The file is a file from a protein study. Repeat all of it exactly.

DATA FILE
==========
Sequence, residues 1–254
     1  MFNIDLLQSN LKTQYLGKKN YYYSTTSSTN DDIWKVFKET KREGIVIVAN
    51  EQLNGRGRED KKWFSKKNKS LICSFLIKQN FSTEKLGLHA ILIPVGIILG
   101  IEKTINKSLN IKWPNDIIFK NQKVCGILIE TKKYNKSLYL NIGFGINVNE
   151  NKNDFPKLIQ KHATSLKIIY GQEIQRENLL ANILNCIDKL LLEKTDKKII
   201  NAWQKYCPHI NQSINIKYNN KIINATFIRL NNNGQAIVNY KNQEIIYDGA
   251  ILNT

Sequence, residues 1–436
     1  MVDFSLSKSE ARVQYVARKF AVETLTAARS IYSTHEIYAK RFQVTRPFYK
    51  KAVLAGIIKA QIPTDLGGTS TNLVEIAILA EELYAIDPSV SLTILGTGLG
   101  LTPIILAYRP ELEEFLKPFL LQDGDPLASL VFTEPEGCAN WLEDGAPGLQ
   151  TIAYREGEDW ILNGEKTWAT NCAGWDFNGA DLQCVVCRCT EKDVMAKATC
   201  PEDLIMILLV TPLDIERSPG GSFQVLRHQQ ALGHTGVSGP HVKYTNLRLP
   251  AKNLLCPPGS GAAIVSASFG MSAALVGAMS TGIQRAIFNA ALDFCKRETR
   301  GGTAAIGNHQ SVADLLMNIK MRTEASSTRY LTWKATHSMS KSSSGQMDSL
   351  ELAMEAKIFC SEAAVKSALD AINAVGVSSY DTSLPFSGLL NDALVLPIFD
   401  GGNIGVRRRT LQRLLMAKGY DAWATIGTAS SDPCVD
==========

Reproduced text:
Sequence, residues 1–254
     1  MFNIDLLQSN LKTQYLGKKN YYYSTTSSTN DDIWKVFKET KREGIVIVAN
    51  EQLNGRGRED KKWFSKKNKS LICSFLIKQN FSTEKLGLHA ILIPVGIILG
   101  IEKTINKSLN IKWPNDIIFK NQKVCGILIE TKKYNKSLYL NIGFGINVNE
   151  NKNDFPKLIQ KHATSLKIIY GQEIQRENLL ANILNCIDKL LLEKTDKKII
   201  NAWQKYCPHI NQSINIKYNN KIINATFIRL NNNGQAIVNY KNQEIIYDGA
   251  ILNT

Sequence, residues 1–436
     1  MVDFSLSKSE ARVQYVARKF AVETLTAARS IYSTHEIYAK RFQVTRPFYK
    51  KAVLAGIIKA QIPTDLGGTS TNLVEIAILA EELYAIDPSV SLTILGTGLG
   101  LTPIILAYRP ELEEFLKPFL LQDGDPLASL VFTEPEGCAN WLEDGAPGLQ
   151  TIAYREGEDW ILNGEKTWAT NCAGWDFNGA DLQCVVCRCT EKDVMAKATC
   201  PEDLIMILLV TPLDIERSPG GSFQVLRHQQ ALGHTGVSGP HVKYTNLRLP
   251  AKNLLCPPGS GAAIVSASFG MSAALVGAMS TGIQRAIFNA ALDFCKRETR
   301  GGTAAIGNHQ SVADLLMNIK MRTEASSTRY LTWKATHSMS KSSSGQMDSL
   351  ELAMEAKIFC SEAAVKSALD AINAVGVSSY DTSLPFSGLL NDALVLPIFD
   401  GGNIGVRRRT LQRLLMAKGY DAWATIGTAS SDPCVD